ELECTRONICS AND 16mm scale model railways by Dave Bradwell (Northern Dave)
With modern components and techniques we can do anything that the prototype can - we even smoke a bit. Many have seen the Binnie "Persephone" with electronic Chuff; I now hear that he is working on whistle and Westinghouse pump sounds to add to the confusion. Fortunately we are spared the boredom of track circuiting on the lines that we model, but other problems appear such as providing sufficient power for locomotives fitted with big motors from junk shops, or operating point motors under arduous conditions. Many other weird and wonderful gadgets are possible right up to the latest electronic engineers' toy - the microprocessor. Here we have a complete computer on a board about 12" x 6". That should give your imagination a bit of scope - perfect for exhibitions !
This week's device is therefore the silicon bridge rectifier. Now, there is nothing new about bridge rectifiers: they have been fitted to model controllers for years but the device to which I am referring is smaller, cheaper, and more efficient than it's predecessor, the selenium rectifier (that big thing in your power unit with all those thin plates). A quick browse through your favourite electronics magazine will reveal quite a few in the adverts at about £1 each. We are most likely to use the rectifier in its classic role to convert alternating current (A.C.) at between 12 and 16 volts into direct current (D.C.) to feed to the track via a suitable controller.
Choosing a suitable device from the array advertised is really quite simple. All will withstand the voltage we use, being rated at between 50 and 600 volts. This just leaves us to choose the one which will carry the current we require.
I suggest that you choose something fairly meaty such as 6 amps; this should allow for the occasional accident, but it does not make the component completely idiot-proof. Send off your cheque for a couple (at least - they are always useful). When the package arrives you will be really disappointed as this great product of modern technology appears as just a small block of black plastic with 4 wires sticking out. There is also a hole for mounting the thing on an aluminum plate which thus dissipates the small amount of heat generated. A bit of experiment helps here - don't let the device exceed about 100ºC in temperature or you may destroy it in a non-spectacular way which is very disappointing! This leaves us with only four wires to connect up. The two marked "+" and "-” are the d.c. output to the controller whilst the remaining pair, which may or may not be marked with a "~" , go to the 16 volt a.c. output of the transformer.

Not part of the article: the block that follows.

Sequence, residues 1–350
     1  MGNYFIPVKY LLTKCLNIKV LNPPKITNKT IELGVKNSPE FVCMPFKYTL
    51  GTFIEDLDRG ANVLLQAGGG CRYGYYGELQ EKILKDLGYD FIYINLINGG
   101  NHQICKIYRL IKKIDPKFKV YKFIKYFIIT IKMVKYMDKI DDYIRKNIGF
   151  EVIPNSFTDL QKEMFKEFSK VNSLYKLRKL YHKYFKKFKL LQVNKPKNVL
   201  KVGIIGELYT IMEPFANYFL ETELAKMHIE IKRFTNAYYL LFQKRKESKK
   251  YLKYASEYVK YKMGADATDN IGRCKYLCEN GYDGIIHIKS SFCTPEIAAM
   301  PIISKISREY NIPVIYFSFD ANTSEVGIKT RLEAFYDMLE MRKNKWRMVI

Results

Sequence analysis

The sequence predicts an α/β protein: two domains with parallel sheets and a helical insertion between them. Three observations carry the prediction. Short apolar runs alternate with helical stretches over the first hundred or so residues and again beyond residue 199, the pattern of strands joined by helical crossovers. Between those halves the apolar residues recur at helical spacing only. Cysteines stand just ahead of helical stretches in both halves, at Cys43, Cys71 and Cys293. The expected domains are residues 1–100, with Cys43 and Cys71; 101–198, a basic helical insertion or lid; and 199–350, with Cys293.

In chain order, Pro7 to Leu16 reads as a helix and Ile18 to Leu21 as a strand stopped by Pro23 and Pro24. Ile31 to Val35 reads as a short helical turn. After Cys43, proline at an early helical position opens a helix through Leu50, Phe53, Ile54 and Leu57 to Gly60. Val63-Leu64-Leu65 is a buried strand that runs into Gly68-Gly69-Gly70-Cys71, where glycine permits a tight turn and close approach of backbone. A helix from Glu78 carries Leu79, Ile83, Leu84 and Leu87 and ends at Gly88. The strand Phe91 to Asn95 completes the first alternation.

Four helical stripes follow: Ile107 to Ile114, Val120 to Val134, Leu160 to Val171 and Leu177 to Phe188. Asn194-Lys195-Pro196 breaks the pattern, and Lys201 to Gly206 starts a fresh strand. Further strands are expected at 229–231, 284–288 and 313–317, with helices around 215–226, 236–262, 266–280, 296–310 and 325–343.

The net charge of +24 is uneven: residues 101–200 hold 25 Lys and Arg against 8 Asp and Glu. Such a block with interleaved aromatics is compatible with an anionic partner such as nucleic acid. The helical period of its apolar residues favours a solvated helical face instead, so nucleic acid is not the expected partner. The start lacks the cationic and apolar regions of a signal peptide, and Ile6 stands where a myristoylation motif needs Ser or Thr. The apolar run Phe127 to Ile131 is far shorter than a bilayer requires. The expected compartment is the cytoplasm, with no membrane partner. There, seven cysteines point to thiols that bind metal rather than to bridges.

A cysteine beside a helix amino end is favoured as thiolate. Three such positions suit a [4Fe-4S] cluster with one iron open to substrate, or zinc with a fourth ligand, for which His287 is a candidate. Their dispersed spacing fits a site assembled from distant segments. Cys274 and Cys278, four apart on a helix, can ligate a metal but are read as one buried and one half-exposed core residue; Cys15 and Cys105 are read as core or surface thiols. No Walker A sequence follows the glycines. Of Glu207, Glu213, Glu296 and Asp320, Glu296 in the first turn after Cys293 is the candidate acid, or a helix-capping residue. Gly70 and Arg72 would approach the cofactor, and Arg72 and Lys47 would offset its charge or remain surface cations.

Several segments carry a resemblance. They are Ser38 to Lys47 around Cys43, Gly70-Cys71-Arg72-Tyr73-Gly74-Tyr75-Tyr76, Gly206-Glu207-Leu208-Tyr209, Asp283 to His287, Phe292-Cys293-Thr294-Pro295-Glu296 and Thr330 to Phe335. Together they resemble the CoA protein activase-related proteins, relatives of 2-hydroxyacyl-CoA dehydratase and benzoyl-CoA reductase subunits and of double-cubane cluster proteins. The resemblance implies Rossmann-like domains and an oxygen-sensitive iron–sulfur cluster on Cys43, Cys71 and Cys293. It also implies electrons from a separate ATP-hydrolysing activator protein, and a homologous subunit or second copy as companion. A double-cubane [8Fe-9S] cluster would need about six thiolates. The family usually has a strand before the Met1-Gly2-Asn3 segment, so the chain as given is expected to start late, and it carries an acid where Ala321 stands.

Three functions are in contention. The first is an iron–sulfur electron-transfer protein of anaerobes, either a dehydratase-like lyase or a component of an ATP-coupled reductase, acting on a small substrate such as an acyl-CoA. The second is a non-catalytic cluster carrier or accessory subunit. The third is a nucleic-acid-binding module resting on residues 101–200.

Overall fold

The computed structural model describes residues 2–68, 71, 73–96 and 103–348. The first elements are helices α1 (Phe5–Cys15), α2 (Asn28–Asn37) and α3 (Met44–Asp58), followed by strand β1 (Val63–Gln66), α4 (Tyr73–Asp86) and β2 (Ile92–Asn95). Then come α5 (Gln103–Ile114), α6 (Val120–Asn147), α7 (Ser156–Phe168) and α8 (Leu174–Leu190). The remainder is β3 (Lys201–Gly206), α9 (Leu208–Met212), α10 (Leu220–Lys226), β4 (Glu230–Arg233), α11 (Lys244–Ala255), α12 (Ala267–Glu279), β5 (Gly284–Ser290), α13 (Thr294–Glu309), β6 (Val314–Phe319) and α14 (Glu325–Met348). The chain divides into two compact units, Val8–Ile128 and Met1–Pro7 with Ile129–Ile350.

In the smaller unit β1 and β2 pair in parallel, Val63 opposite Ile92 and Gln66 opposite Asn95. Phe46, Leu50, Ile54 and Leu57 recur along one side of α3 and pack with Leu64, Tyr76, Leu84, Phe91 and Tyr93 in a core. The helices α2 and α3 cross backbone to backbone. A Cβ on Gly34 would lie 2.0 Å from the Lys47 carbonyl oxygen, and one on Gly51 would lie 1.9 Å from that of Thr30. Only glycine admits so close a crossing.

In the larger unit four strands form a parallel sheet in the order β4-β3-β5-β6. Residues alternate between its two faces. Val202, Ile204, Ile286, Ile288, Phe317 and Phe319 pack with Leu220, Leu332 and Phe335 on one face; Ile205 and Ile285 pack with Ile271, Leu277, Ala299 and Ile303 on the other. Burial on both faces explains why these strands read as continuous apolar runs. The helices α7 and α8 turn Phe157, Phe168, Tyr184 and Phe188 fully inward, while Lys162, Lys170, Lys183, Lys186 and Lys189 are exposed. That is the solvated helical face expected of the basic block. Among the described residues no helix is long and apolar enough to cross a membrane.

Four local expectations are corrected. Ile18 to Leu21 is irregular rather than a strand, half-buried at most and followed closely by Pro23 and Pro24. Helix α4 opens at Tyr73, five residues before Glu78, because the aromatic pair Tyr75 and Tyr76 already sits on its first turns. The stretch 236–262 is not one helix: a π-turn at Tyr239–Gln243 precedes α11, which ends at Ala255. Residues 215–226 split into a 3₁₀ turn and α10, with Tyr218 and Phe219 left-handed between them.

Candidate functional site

A word about soldering: take reasonable care to avoid over-heating the device as it is possible to cause damage in this way (but unlikely!). Equipped with a suitable transformer and rectifier as described you will be ready for the ultimate in controllers which I hope to describe next time.
Don's garden line has an unusual application of the bridge rectifier. As already described this line has a return loop - tricky in 2-rail. Using the conventional switching technique would have meant miles of wire up to the control panel and back' but by restricting running round the loop to one direction we were able to use the bridge rectifier to keep things moving and save wire. A section of track on the loop is isolated (saw through both rails at each end) from the rest and connected to the d.c. output of the rectifier (+ and - terminals). The a.c. terminals go to the rails before the loop points, as in the sketch. The rest of the layout is electrified normally.
It can be seen that, no matter which way trains run on the main line, the rectifier will ensure one-way traffic on the isolated section. To negotiate the loop, run round clockwise until the engine is on the special section, then reverse the controller and change the point - without stopping if the section is long enough. This operation will be easier if the controller has a reversing switch separate from the speed control.